“One day at a time: It sounds so simple but it isn’t easy: It requires incredible support and fastidious structure”
~ Russell Brand
In my own personal case, much of what I share on my blog or on Medium directly connects to the full-time job that I do which is teaching. Those of you who regularly share your life’s work will clearly understand that it is the act of getting it out there that forms the basis of your pursuit and journey towards mastery. My pursuit of mastery in teaching has transformed itself countless times since I began my blogging journey a few years back.
Even though my ultimate desire is to be the very best educator I can be, the path that I venture down now is more deeply rooted in the process of being a lifelong learner. Committing myself to this journey has helped to open many doors and create new paths that fork in multiple directions. Regardless of which door I walk through or path that I decide to explore, I’m becoming a better teacher along the way. This has allowed me to provide a more enriched learning experience for those who matter most in my life; my family and the different people who I teach (my students and the teachers who I train).
Russell Brand’s quote that I highlighted as a starting point for this Medium post is one of the most noble forms of truth that there is. Although taking it one day at a time sounds so simplistic in nature, putting this valuable advice into action is an extremely challenging thing to do for a variety of reasons. One of the main causes of not taking things one day at a time is often a result of being too end-product focused in our lives and work.
However, producing our best requires us to understand that it is necessary to find support and use this base not only to better ourselves but to also strive to improve the work and lives of those who have extended a helping hand to us. When looking at successful people who have been a source of inspiration to us, it’s not hard to see that their success hasn’t occurred by mere chance. They take initiative to manage their time effectively and build upon their toolkit of essential skills which allows them to move forward with regularity. It’s fastidious structure, organization, and a continual commitment to being their best that forever shines through even in the face of adversity and failure.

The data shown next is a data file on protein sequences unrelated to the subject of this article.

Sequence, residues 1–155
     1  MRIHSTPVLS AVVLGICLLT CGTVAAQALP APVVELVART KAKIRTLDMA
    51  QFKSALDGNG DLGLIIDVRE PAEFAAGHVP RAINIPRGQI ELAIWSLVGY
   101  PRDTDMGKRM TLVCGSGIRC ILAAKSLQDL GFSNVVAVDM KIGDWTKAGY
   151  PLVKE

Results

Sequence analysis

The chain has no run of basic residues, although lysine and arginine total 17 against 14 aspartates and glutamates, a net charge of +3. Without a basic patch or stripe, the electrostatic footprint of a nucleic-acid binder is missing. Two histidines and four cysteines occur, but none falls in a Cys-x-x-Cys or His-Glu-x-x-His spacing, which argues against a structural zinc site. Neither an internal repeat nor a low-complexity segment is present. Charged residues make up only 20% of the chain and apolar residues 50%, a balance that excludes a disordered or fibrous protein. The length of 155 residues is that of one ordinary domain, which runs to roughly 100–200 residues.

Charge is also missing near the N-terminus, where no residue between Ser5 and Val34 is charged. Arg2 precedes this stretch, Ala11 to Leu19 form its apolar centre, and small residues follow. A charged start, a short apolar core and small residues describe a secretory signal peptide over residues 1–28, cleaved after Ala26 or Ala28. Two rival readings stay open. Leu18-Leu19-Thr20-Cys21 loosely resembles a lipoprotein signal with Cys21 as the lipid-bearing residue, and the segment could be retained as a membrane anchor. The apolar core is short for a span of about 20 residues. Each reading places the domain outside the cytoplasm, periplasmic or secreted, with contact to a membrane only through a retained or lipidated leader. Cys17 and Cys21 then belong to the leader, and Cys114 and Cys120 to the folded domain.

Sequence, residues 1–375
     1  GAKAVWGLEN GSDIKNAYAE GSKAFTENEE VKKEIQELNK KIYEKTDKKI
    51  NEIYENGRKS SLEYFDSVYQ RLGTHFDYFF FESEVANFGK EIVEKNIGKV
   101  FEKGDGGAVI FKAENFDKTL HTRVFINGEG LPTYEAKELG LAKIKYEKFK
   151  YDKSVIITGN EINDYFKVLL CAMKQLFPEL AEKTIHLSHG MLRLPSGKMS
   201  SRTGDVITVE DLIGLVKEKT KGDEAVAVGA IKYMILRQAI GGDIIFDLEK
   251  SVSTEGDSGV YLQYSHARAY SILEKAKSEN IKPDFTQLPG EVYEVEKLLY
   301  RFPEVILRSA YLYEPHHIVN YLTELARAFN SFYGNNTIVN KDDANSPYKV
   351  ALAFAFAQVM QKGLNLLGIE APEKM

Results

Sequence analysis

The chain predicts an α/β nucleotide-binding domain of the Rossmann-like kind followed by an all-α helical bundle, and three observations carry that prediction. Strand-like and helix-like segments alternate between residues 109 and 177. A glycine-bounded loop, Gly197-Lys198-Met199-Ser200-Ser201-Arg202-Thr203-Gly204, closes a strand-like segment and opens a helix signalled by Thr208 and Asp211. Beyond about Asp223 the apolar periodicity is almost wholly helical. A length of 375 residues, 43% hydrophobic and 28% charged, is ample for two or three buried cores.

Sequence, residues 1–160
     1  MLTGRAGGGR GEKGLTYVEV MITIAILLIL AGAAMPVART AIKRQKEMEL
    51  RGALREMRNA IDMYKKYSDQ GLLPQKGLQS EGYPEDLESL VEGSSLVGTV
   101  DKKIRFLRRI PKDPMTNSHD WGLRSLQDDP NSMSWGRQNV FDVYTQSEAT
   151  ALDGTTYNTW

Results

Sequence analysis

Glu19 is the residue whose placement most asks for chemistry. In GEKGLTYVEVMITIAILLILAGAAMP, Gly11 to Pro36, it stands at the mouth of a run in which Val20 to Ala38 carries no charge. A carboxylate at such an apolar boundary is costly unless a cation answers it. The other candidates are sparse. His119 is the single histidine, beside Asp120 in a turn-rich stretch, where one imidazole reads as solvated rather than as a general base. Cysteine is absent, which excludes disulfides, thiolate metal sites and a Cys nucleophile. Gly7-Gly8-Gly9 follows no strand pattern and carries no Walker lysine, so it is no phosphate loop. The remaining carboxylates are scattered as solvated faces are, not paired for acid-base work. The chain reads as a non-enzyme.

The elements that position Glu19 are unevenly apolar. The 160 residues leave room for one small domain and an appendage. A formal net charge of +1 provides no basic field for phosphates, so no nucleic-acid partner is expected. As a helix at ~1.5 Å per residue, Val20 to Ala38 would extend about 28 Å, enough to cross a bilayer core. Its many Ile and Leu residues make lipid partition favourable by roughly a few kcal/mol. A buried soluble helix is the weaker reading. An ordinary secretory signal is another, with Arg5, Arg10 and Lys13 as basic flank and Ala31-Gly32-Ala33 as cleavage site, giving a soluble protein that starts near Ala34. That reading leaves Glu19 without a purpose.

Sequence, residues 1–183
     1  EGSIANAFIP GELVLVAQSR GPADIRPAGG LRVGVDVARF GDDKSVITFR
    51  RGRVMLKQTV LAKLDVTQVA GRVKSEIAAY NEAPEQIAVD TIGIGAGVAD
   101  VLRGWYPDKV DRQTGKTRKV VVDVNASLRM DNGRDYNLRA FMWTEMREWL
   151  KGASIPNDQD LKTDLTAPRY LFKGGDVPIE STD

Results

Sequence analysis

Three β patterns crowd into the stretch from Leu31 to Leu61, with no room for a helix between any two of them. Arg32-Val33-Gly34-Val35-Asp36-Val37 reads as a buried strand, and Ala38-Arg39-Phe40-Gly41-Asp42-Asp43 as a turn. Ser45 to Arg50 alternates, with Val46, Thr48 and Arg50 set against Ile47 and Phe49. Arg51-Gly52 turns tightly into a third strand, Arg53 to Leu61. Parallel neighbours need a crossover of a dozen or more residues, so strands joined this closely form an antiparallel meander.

There are many people who inspire me on a daily basis that continues to shape the person and the educator that I am. I always try my best to let them know, in my own way, just how special a role that they play in my life and my work. It’s these people who will push me to produce my best work, not only in 2015 but for years to come. I have nothing but immense gratitude for each and every one of them.
How can you slow the pace down and focus more on taking things one day at a time? This question is intended for me just as much as it is for anyone who is reading this post. Slowing down certainly doesn’t imply stifling productivity either as it will serve to ultimately allow us all to produce our best work possible now and in the future. May you all be your very best in 2015.